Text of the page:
your income is zero, it is not $10 per hour. the minimum wage destroys jobs. it destroys jobs for the lowest skilled workers. the people who say this is a stroke for fairness, the people who are most damaged by this are the people at the very bottom because what you essentially do is you saw off the lowest rung of the economic ladder make it harder to climb the economic ladder. you look at california, my goodness, what a tragedy. how do you screw up california, the golden state. and yet they pass this. i love this state. the highest income tax rates, cap and trade, most onerous regulations and now the highest minimum wage. melissa: we had somebody on last week who owns a business, he was proud to say he pays employees $15 per hour and things everybody should do that.
so i drilled down o to how exacy do achieve that. he said this week he expected more of his employees, he needs them to answer the phone, be courteous, do more than an average burger flipper and he has fewer of them. they are more loyal. so he feels like it is a good thing, but you cannot escape the fact he has fewer employees doing more for a higher wage. so what does that mean? maybe that is good. >> i have another example for you. a good friend of mine finally was able to buy his own franchise last year. he has 10 full-time employees working minimum wage. just $1 per hour bump will end up he thinks cutting his profit margin by maybe as much as 30% because no minimum wage who is going to dump a new pile of money. the extra money has to come from somewhere.
steve said it could be the most impacted by this, or it will have to come in higher prices the average consumer witch who does that affect most? lower and income families. melissa: or he fire someone. the scenario, what do you think the guy really does? i don't think he is going to take it out of that. most small business owners are not loaded. >> teenagers just don't get jobs because teenagers are not worth $10 per hour. you put lot of those people out of work. we saw this with the protests over the mcdonald's and burger king requesting $15 per hour. when you raise those wages of those jobs is the businesses automate. they go to computers, robotics, you have to do more of the work like poor your own coke, so on. you're going to see less jobs.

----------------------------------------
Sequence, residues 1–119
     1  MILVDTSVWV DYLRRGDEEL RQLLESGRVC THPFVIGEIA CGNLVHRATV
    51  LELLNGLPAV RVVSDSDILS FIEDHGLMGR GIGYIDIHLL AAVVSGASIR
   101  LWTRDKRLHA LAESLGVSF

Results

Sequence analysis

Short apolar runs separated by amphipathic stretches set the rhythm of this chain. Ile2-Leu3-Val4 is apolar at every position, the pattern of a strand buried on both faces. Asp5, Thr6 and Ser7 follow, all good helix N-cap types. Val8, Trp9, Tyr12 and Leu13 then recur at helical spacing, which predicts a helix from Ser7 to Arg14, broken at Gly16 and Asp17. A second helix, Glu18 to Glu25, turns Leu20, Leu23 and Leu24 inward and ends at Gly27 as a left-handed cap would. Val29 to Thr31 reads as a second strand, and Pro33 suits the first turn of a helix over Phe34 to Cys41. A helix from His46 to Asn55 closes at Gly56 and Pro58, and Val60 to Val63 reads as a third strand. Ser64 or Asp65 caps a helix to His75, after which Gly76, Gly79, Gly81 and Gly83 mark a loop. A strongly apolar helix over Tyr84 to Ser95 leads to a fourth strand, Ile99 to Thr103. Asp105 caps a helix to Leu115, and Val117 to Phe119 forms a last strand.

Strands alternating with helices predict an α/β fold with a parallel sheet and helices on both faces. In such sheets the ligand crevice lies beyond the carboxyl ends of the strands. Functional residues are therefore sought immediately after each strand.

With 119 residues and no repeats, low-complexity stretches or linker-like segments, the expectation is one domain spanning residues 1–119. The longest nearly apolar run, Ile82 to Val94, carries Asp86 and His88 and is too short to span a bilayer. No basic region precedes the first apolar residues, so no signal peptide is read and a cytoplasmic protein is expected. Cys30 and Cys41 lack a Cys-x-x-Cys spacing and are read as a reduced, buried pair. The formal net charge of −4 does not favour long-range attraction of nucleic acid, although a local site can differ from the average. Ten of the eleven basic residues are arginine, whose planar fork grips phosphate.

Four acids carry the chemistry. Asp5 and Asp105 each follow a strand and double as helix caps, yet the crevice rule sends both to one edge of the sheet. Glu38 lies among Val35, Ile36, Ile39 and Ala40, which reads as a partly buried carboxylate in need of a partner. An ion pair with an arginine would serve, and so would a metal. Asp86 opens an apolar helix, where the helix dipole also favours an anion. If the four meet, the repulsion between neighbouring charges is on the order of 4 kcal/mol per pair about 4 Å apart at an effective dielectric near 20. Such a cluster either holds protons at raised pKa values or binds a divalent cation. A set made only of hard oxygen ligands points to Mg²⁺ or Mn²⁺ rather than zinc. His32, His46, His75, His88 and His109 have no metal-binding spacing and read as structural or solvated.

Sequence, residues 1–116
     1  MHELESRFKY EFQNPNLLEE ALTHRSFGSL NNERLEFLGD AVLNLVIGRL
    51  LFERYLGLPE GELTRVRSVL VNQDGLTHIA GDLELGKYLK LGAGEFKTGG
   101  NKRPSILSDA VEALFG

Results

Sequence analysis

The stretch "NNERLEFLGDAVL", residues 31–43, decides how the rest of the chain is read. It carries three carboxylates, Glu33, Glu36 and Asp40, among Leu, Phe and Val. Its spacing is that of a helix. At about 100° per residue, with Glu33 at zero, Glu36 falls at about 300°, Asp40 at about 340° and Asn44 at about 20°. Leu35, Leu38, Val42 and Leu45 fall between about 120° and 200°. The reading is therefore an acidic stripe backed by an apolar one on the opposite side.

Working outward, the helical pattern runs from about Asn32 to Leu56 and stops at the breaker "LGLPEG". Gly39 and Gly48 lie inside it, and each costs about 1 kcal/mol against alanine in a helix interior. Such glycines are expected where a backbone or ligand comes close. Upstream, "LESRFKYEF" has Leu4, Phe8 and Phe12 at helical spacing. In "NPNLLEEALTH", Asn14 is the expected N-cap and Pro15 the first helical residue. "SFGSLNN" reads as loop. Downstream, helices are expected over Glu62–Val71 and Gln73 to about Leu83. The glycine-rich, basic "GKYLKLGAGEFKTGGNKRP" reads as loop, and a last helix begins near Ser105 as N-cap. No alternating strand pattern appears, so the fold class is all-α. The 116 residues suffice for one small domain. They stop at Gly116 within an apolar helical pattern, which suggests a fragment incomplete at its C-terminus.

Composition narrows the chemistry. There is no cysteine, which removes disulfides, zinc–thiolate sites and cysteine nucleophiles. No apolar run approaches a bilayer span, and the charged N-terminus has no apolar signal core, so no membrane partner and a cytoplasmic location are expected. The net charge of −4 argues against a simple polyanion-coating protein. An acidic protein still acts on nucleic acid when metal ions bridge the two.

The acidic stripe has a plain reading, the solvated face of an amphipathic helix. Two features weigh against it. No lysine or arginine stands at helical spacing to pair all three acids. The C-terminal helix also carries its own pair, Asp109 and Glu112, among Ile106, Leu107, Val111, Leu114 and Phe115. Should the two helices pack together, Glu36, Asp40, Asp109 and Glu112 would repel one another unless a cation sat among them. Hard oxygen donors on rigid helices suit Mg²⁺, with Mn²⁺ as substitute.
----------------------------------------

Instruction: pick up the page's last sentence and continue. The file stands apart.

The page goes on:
melissa: that is a great point. i went to an in and out, it had an automated you punished in what your order was. this was a place they were saying they had, i took a picture of the sign, think they were paying $15 or $19, but when you went inside there were like two people working there. >> traditionally has a much higher starting income level than everybody else because they want to attract better workforce. this will raise the stakes for them as well. you will see industrialization will start to really pinch things especially for the teenagers try to get into the workforce, california has the highest teenage unemployment rate in the country. it is just insane. >> businesses, small manufacturers and so on will moved to nevada or moved to texas and that has already been
happening as you know. melissa: i tried to talk a restaurant owner in florida who had moved from california because it was so onerous. he opened a restaurant in florida instead of california. apprecie your time. next on "money," president obama got snubbed by iran's president three times at the u.n. but one of the top experts sitting down with rouhani tomorrow. she will join us with a spial sneak peek. if he is not watching, he should find out what the questions are. plus, the cofounder of "honesty" are on. and the three things you need to grow a perfect work environment. can you ever have too much "money"?